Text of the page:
While vacationing in Florida several years ago, my husband and I were awakened from a sound sleep to the sound of a fire alarm and pounding on the door. The night manager told us to get dressed and exit the building immediately. My heart was pounding as we ran down six flights of stairs. We were herded outside along with the rest of the hotel guests where I saw another couple with their Golden Retriever.
“I need to pet that dog”, I told my husband.
I still can remember stroking the golden fur. My breathing slowed and I felt a sense of calm all over my body.
It turned out to be a false alarm. Some kids had decided it would be fun to pull the alarm and scare everyone. But I digress.
Studies have shown that there are both physical and mental health benefits to owning a pet. Pets, especially dogs can help reduce anxiety, depression, loneliness, and isolation, and encourage us to make healthy life choices. Let’s look at the following six benefits of being a dog owner:
- Owning a dog is good for your heart. Research shows that having a dog is linked to lower blood pressure as well as reduced cholesterol and triglyceride levels. This results in improved cardiovascular health and lowers your risk of having a heart attack. Even just petting a dog lowers your blood pressure and reduces muscle tension.
- Dogs are natural anti-depressants. Dog owners are less likely to suffer from depression and anxiety than those without canine companions. Walking or playing with your dog increases the levels of serotonin and dopamine in your brain – chemicals that contribute to increased alertness, improved concentration and focus, and a more positive mood. And of course, a dog will love you unconditionally. What could be more important for your overall mental health than giving and receiving love?
- A dog is a wonderful motivator. We can all find a million excuses to avoid working out. We forget that exercise can actually be fun. As a dog owner, you have the benefit of daily walks that improve muscle strength and boost your energy level. A dog will also get you outdoors. Natural sunlight gives you your daily dose of vitamin B and helps you sleep better at night.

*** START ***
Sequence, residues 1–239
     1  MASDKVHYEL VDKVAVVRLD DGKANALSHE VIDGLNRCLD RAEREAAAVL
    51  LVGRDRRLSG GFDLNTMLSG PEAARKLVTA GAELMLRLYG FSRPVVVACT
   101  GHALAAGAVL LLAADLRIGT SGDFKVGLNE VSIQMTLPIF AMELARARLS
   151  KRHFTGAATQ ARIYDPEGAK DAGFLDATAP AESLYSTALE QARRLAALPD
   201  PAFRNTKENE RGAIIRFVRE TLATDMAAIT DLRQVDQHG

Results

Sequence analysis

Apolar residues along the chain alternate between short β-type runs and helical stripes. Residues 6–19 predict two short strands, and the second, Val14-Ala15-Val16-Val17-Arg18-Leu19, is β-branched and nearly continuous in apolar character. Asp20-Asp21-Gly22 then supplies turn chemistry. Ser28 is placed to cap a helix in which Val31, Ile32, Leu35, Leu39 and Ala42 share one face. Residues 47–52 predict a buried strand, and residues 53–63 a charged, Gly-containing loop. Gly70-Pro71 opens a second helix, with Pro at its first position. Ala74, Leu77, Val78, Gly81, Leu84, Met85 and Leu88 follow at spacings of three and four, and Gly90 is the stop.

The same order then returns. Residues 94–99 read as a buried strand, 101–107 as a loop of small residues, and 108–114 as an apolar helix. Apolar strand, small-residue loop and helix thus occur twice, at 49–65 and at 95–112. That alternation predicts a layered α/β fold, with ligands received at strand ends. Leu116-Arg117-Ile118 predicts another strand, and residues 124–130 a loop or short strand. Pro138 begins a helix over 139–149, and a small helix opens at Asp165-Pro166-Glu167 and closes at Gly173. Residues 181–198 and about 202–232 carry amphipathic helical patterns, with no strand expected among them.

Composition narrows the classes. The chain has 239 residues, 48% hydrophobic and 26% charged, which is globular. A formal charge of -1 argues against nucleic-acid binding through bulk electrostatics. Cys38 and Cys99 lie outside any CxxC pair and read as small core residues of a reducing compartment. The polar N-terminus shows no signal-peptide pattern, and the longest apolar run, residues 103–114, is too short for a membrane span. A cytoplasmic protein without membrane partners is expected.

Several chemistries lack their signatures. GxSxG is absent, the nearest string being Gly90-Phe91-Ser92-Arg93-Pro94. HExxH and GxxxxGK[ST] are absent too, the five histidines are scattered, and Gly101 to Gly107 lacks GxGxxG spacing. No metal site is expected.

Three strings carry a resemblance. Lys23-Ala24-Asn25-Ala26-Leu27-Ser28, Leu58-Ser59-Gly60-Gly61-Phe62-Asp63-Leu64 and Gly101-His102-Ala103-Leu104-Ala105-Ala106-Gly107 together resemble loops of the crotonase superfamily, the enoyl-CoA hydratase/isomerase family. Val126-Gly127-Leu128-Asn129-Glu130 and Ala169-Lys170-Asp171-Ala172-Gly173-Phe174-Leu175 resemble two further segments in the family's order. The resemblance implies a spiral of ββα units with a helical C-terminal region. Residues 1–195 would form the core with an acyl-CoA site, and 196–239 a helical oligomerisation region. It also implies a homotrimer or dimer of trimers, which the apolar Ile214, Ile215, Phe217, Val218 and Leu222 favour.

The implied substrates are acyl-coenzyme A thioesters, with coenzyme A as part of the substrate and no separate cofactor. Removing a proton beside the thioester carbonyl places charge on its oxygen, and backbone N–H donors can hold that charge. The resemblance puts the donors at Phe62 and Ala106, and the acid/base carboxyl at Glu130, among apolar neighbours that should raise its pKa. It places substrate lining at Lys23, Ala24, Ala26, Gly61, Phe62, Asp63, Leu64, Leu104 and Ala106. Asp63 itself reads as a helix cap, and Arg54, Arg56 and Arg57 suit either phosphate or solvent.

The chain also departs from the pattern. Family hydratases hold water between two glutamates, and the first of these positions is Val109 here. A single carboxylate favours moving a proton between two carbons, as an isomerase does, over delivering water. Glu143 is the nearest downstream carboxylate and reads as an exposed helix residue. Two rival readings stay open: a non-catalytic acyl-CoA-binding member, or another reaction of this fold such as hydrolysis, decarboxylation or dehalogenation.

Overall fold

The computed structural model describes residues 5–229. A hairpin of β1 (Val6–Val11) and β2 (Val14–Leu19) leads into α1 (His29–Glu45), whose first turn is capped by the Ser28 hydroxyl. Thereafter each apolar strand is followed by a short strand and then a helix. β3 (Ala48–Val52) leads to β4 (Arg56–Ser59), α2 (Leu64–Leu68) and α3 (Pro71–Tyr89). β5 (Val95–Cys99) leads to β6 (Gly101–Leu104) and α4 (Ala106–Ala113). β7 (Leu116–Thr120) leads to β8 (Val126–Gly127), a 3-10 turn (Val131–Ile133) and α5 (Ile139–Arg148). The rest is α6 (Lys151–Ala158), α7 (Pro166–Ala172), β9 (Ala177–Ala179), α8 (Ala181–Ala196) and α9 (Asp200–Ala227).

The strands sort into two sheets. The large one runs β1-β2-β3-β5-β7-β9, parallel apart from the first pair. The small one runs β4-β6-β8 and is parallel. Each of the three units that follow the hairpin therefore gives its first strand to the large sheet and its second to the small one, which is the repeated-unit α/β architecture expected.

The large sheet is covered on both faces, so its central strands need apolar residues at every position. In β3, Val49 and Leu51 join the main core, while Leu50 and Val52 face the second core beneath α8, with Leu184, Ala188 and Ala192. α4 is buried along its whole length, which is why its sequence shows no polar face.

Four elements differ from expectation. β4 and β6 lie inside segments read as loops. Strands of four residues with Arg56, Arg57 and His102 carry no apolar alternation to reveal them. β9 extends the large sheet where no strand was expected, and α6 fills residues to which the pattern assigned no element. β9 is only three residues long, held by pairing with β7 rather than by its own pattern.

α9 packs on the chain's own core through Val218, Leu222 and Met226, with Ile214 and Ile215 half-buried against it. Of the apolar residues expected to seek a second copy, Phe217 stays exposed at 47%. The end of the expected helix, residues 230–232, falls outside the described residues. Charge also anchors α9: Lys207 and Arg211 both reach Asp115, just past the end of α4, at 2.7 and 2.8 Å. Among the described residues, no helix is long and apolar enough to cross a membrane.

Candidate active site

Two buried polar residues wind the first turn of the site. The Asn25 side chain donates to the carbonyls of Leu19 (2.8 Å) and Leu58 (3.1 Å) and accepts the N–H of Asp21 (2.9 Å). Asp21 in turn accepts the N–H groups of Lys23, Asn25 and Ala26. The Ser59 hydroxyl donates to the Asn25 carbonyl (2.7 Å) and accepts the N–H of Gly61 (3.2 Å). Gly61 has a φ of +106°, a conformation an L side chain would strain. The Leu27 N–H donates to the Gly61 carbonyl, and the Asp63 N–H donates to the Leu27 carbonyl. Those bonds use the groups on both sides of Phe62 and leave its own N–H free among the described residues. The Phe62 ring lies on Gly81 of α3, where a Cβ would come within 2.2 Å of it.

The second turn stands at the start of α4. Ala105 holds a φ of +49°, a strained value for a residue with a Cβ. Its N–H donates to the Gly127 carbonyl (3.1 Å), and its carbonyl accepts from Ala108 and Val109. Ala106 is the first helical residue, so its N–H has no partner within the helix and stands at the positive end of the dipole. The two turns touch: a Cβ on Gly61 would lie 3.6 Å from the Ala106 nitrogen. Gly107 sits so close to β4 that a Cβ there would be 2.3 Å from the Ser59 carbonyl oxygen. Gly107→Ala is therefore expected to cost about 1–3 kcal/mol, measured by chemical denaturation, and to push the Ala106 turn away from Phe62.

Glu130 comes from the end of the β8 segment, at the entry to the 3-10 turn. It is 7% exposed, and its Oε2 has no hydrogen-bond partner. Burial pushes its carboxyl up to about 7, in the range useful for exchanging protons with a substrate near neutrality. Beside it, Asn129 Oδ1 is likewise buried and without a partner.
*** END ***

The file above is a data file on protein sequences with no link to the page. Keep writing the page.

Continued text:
- A dog will add structure to your day. There’s no getting around it – dogs need to be fed and taken out on schedule. Most of us have had our daily routines disrupted by the pandemic. Without structure, we have more time to dwell on our problems and make ourselves unhappy. Maintaining a regular schedule can help you feel more in control, especially during times of increased stress.
- Dogs not only provide us with love and companionship; they help us stay socially connected to others. Having a dog makes you more approachable and makes it easier to attract new people into your life. And going to a dog park is a great way to meet like-minded people.
- Finally, having a dog adds a sense of meaning and purpose to your life. You may have heard dog owners refer to pets as their “babies”. Our pets are like children to us; they trust us with their lives and depend upon us for food, shelter, and protection. They teach us the values of unconditional love, selflessness, and caring for others.
In closing, to put it more eloquently, I’d like to share a quote by John Grogan, author of the memoir Marley and Me:
“A person can learn a lot from a dog, even a loopy one like ours. Marley taught me about living every day with unbridled exuberance and joy, about seizing the moment and following your heart. He taught me to appreciate the simple things – a walk in the woods, a fresh snowfall, a nap in a shaft of winter sunlight. And as he grew old and achy, he taught me about optimism in the face of adversity. Mostly, he taught me about friendship and selflessness, and above all else, unwavering loyalty.”
Now excuse me while I go tend to my fur babies, Cooper and Callie.
Deborah Tannenbaum is a past therapist of Greenway Therapy.